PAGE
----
To achieve this, we will be using the Filter parameter alongside the Get-ADUser command. The Filter switch parameter can limit results by any active directory attribute such as name, email address, group type, last login for users, etc. Also, the parameter acts similarly to the Where-Object command, wherein the parameter accepts a conditional statement to narrow down search results.

				
					Get-ADUser -Filter "*"
				
			

The snippet above will still display all of the users in the organization. So, we need to fill in the correct conditional statement to output disabled user accounts. To achieve this, we can use the Enabled property.

Active directory user objects have the Enabled property, which has a boolean value of either True or False. If the user’s Enabled property is set to True, it means the user is active. Meanwhile, the active directory user is disabled if the Enabled property is False.

Now that we know what property to use to filter the search results, we can create our code snippet. The syntax below will only display users that are in disabled status. This is possible by matching the Enabled property to the $False with the comparison operator Equals (-eq).

				
					Get-ADUser -Filter "Enabled -eq $False"
				
			

Like the Search-ADAccount command, the Get-ADUser also has the SearchBase and SearchScope parameters to narrow down search results to target a specific organizational unit.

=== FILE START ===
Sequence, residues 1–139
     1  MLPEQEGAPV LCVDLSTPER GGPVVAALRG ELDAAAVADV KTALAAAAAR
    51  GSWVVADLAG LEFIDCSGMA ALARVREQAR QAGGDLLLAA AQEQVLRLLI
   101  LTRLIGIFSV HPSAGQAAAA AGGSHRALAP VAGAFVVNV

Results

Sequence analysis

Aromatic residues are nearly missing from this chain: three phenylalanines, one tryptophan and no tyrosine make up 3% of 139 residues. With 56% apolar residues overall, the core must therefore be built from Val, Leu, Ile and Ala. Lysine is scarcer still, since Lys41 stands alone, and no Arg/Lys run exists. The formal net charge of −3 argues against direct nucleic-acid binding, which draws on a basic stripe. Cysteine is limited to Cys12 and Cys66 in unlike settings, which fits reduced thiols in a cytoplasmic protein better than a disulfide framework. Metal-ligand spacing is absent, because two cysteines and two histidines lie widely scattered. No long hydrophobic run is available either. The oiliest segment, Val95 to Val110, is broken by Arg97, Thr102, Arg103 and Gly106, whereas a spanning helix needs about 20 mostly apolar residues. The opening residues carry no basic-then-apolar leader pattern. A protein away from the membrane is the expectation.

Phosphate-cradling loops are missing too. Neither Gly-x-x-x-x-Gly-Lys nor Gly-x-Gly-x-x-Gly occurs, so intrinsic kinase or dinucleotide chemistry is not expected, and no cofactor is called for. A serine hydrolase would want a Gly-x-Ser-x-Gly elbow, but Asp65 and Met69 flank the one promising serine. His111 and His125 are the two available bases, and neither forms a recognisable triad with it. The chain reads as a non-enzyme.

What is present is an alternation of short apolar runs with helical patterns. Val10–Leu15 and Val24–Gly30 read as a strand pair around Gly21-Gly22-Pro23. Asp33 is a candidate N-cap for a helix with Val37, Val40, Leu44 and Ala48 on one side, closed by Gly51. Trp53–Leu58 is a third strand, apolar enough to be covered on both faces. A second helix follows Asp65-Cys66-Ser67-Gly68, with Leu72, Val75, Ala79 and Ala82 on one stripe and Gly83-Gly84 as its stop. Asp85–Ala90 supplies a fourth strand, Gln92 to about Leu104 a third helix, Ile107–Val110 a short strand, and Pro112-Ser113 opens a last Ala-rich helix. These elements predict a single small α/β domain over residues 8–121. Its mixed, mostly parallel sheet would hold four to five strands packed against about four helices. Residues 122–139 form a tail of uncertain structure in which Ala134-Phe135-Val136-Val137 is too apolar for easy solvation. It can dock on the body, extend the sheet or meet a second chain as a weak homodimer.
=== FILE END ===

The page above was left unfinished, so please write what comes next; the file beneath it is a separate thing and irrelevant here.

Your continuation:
Get-ADUser -Filter "Enabled -eq $False" -SearchBase "OU=HR,OU=UserAccounts,DC=TEST,DC=COM" -SearchScope 2
				
			

One of the many advantages of PowerShell is that we can append several commands to achieve a particular task using the Pipelines. For example, instead of using the Filter parameter, we can use our previously mentioned Where-Object command and pipe it to Get-ADUser. Therefore, we need to transfer the conditional statement to the Where-Object clause instead of the Filter parameter.

To append multiple commands to the pipeline, we can use the pipeline operator (|). We also need to use the THIS ($_) token that will get the Enabled property from the current result in the pipeline. The script will then match the current result to the conditional statement to check if the user is Enabled or not.

				
					Get-ADUser -Filter "*" -SearchBase "OU=HR,OU=UserAccounts,DC=TEST,DC=COM" -SearchScope 2 | Where-Object {$_.Enabled -eq $False}
				
			

PowerShell Find Disabled Users in OU Conclusion

This article discussed how to install the Remote Administration Tools and the Active Directory module for PowerShell. Next, we need the active directory module to be imported to run a couple of commands that give us all the active directory user objects in disabled status. Finally, we have refined our script to only output disabled users in a specific organizational unit.

Avatar for Marion Mendoza
Marion Mendoza

Windows Server and VMware SME. Powershell Guru. Currently working with Fortune 500 companies responsible for participating in 3rd level systems support across the enterprise. Acting as a Windows Server engineer and VMware Specialist.